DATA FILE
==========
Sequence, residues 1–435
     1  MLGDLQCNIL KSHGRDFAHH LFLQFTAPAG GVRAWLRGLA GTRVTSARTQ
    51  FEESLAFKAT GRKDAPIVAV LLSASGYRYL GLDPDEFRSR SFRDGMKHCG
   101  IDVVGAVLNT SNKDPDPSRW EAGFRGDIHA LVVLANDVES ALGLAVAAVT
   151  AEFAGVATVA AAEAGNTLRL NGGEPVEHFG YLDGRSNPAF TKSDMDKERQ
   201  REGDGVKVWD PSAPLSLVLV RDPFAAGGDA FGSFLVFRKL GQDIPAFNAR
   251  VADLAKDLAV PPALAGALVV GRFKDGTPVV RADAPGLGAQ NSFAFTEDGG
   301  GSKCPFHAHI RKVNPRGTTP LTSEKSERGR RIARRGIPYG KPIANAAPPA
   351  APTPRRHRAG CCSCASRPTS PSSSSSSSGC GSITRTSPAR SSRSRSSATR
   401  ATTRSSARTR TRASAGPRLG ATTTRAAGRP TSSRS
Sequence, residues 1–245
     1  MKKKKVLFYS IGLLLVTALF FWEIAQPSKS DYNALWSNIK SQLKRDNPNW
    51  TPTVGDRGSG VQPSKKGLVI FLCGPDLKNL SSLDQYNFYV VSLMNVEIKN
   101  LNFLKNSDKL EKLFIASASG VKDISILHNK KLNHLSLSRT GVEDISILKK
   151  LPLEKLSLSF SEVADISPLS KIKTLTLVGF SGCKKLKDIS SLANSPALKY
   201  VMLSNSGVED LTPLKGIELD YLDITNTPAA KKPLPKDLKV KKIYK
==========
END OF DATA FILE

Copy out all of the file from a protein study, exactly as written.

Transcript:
Sequence, residues 1–435
     1  MLGDLQCNIL KSHGRDFAHH LFLQFTAPAG GVRAWLRGLA GTRVTSARTQ
    51  FEESLAFKAT GRKDAPIVAV LLSASGYRYL GLDPDEFRSR SFRDGMKHCG
   101  IDVVGAVLNT SNKDPDPSRW EAGFRGDIHA LVVLANDVES ALGLAVAAVT
   151  AEFAGVATVA AAEAGNTLRL NGGEPVEHFG YLDGRSNPAF TKSDMDKERQ
   201  REGDGVKVWD PSAPLSLVLV RDPFAAGGDA FGSFLVFRKL GQDIPAFNAR
   251  VADLAKDLAV PPALAGALVV GRFKDGTPVV RADAPGLGAQ NSFAFTEDGG
   301  GSKCPFHAHI RKVNPRGTTP LTSEKSERGR RIARRGIPYG KPIANAAPPA
   351  APTPRRHRAG CCSCASRPTS PSSSSSSSGC GSITRTSPAR SSRSRSSATR
   401  ATTRSSARTR TRASAGPRLG ATTTRAAGRP TSSRS
Sequence, residues 1–245
     1  MKKKKVLFYS IGLLLVTALF FWEIAQPSKS DYNALWSNIK SQLKRDNPNW
    51  TPTVGDRGSG VQPSKKGLVI FLCGPDLKNL SSLDQYNFYV VSLMNVEIKN
   101  LNFLKNSDKL EKLFIASASG VKDISILHNK KLNHLSLSRT GVEDISILKK
   151  LPLEKLSLSF SEVADISPLS KIKTLTLVGF SGCKKLKDIS SLANSPALKY
   201  VMLSNSGVED LTPLKGIELD YLDITNTPAA KKPLPKDLKV KKIYK